Lessons learned after facilitating remote Elephant Carpaccio

In my previous blog post I shared my experience of facilitating remote Elephant Carpaccio twice. In this second post I want to share some things I learned through that experience that apply to facilitating remote experiential workshops in general.

The facilitation guide

The Elephant Carpaccio exercise has a detailed facilitation guide, created by Henrik Kniberg and Alistair Cockburn (also inventor of the exercise). This guide really is a blessing and a curse. It’s great to have guidance on how to run the exercise. However, there’s also only so much such a guide can do. As I was writing the blog post of me running the exercise twice, I looked at the facilitation guide again, and it made so much more sense to me. Instead of it being instructions about something new, I could connect the contents to my own experiences. And that experience does make me wonder how advisable it is to facilitate an exercise you have never done or seen based on a luckily excellent and very detailed faciliation guide.

The level of detail in the facilitation guide also had me walk into the trap of relying on it too much. Instead of taking my own context fully into account, I though I could follow the guide with a few tweaks. As you could read in my previous post, the first time I ran the exercise, it got away from me a little. In this sense I find it interesting that Oliver Spann seems to have had a similar experience facilitating Elephant Carpaccio for the first time:

I facilitated this exercise and can recommend it to every development team working with user stories - but be prepared that it won’t work out as given in the facilitation guide.”

Guidance on experiential workshops

The Elephant Carpaccio exercise is an experiential workshop. You get to slice an application and then deliver some of those slices. How many slices you deliver doesn’t really matter. What matters is how much and how well you reflect, and what conversations you have with your fellow participants about your experience. A core idea behind these kinds of workshops is that there’s more value in a few smaller lived lessons than in sharing lots of information you won’t remember, let alone connect with.

However, there is an element of skill involved in participating in such workshops. It requires you to move your focus from the task at hand (delivering a piece of software) to what you can learn from reflecting on that task as you perform it. Personally, it took me a while to learn that skill to a level that I started to enjoy and appreciate experiential workshops. Before that, as I was learning this skill, I remember leaving such workshops with the feeling I hadn’t gotten a lot of value from them and that the instructors should be doing more.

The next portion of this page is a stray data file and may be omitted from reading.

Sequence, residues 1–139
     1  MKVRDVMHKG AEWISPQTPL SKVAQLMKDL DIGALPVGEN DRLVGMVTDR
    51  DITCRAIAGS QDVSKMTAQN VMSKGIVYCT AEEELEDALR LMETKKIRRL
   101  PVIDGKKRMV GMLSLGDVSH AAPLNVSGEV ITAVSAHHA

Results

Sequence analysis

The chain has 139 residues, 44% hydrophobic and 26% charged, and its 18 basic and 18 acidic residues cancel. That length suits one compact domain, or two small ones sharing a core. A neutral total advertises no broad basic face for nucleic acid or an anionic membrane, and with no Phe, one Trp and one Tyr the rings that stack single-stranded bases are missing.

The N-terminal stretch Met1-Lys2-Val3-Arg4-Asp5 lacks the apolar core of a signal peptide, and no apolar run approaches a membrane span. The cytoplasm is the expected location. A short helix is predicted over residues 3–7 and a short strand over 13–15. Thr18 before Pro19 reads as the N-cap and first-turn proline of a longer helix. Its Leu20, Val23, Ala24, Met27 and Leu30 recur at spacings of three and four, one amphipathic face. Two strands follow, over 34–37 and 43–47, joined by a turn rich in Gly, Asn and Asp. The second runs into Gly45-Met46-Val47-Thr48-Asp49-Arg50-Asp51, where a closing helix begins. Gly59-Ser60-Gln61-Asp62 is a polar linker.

That experience leaves me wondering if a little more guidance on how to participate would be valuable. To use Elephant Carpaccio as an example: if participants focus on getting all slices delivered in the five iterations they have - which would be a natural focus, considering their day-to-day jobs - they probably won’t learn much. On the other hand, if they focus on what the experience is like of working with really thin slices, they will identify a few experiences that teach them something about their day-to-day work. Whether those are experiences to seek out or to avoid, does not matter. Both are valuable lessons.

Remote is slower and more opaque

This lessons probably comes as a surprise to no one. Remote is slower than in person, so schedule extra time and keep group size down. I had groups of two or three in my workshops and I’m still convinced that is the maximum size. Collaborating in a breakout room with four people is significantly harder than with two or three.

Remote is also more opaque, which mostly is a challenge for the facilitator. You can’t scan the room to get an overview of how everyone is doing. Even with everyone in the same virtual room, there’s a limit to how many faces you can see at the same time - especially when screen sharing. If everyone is in breakout rooms, you have to enter the separate breakout rooms to get an idea of what’s going on. Having everyone work on the same online whiteboard, will help a little, but rather as an aide which breakout room to visit next than as a way to actually know how a group is doing. So not only group size needs to be kept small, the total number of groups shouldn’t be too large either. By coincidence I ended up with four groups in both workshops. For the Elephant Carpaccio exercise that still feels like the right number.

Take your time for the before and after

Last but definitely not least, investing time in preparation before and reflection after the workshop makes a large difference. Even if the workshop starts to diverge from your preparation, it’s your preparation that allows you to adapt in the moment, to make changes without cutting anything essential. And the reflection after is the first step in your preparation for the next time. Even if you’re not sure when that next time will be, it’s important to at least complete that first step of reflection. Because the longer you wait, the vaguer your memories will be and the less rich your reflection.

Someone once gave me the advice that it’s perfectly fine to take at least as much time to prepare for e.g. a retrospective as the duration of the actual retrospective. Ever since I’ve used that advice as a starting point to decide how much time to spend on prepations: perhaps more than the actual thing, but most likely not less. The same probably applies for the reflection after.